Once Camiren left Cannes, Marinell and I decided to shift our attention from the SFC battlefield to the research arena of the DFL to watch some shorts that piqued our interest from one sheets or conversations with the filmmakers. Among my favorites were a Korean film in competition called Ghost, From the Cellar, a UK short, Der Kleine Nazi from Germany, and How Nikola Tesla Popped My Cherry. By watching both well-done and not-so-well-done shorts, we were able to see that the production value (oftentimes strictly visual) on many of the ones we watched was very high, and a few stories were engaging. Some shorts didn’t even make it past the one-minute mark for various reasons ranging from ultra-amateur audio problems to that most unforgivable of faux pas––not only for filmmakers, but for any artists––sheer boredom!

So Jim, in short, everything your pal told you about the SFC was absolutely true.

But that’s not to say that the Festival du Cannes proper was the same story. If you’re a filmmaker and have a feature-length film in idea form or a finished product and you’re searching for a buyer, then Festival du Cannes is definitely the place for you. But do your research beforehand!

The best parts of our Festival du Cannes experience actually happened away from all the glitz and glamour. On our second day, we were riding the train from Nice to Cannes seated across Philippe Le Sourd, long-time DP for Wong Kar-Wai (who’s latest film The Grandmasters looks awesome, by the way.) We chatted with him and his wife (who’s a director for TV commercials in France) about filmmaking, editing techniques, and screenwriting on the ride to Cannes and back to Nice (coincidentally, we all caught the same train for the ride back, a bit inebriated with the kind of drink that smoothes out any conversation) where we learned about all the other big-name directors Philippe had worked with through his very impressive career.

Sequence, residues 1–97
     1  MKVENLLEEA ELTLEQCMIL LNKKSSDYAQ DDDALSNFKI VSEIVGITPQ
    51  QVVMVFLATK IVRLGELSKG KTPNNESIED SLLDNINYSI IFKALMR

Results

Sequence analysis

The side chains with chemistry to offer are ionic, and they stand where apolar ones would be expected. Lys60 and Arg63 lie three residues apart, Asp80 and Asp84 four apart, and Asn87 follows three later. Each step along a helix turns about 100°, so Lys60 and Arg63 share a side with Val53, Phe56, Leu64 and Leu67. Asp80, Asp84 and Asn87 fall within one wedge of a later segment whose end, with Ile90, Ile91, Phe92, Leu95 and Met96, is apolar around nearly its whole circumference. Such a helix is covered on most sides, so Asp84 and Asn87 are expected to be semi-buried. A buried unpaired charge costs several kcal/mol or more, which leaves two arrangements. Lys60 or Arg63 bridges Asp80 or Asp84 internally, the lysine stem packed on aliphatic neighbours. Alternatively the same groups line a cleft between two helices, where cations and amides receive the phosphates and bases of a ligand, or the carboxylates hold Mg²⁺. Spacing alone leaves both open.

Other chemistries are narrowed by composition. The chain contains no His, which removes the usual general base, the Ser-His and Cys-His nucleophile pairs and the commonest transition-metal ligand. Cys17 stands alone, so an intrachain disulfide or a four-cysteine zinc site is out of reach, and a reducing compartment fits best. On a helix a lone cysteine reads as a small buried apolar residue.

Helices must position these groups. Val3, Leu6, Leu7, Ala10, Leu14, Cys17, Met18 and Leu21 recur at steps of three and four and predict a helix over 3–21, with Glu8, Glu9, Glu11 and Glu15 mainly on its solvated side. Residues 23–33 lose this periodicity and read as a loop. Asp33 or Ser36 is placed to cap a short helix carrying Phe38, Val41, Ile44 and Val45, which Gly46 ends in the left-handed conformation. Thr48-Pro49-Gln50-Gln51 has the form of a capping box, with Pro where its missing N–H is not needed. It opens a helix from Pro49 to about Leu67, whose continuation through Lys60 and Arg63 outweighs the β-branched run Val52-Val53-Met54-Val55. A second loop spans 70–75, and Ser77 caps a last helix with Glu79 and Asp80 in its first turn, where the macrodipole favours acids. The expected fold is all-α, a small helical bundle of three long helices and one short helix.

We also met up with Daniel Jahns, one of Cerise’s proud backers and owner of Fierce Entertainment, based in Los Angeles, and London-based filmmakers Saasha Celestial-One, Matthew Holt, and Michael Axelgaard who were at Cannes promoting their feature-length horror film Hollow at the Marché du Film. Four or five hours of great film-laced discussions and about the same number of Panachés (Grolsh beer mixed with Sprite) always equates to a fabulous time! Then, at a party hosted by American Pavilion, we met a cool festival programmer named Charlie Prince who runs the Lighthouse International Film Festival on Long Beach Island, NJ, and Marinell was happy to see Ryan Gosling chilling out with some filmmakers nearby. Throw in some cool hang time with good friend Raffi Asdourian, a ton of conversations with filmmakers from all over the world, and plenty of tasty food and we round out the highlights of these more positive memories of the Festival du Cannes.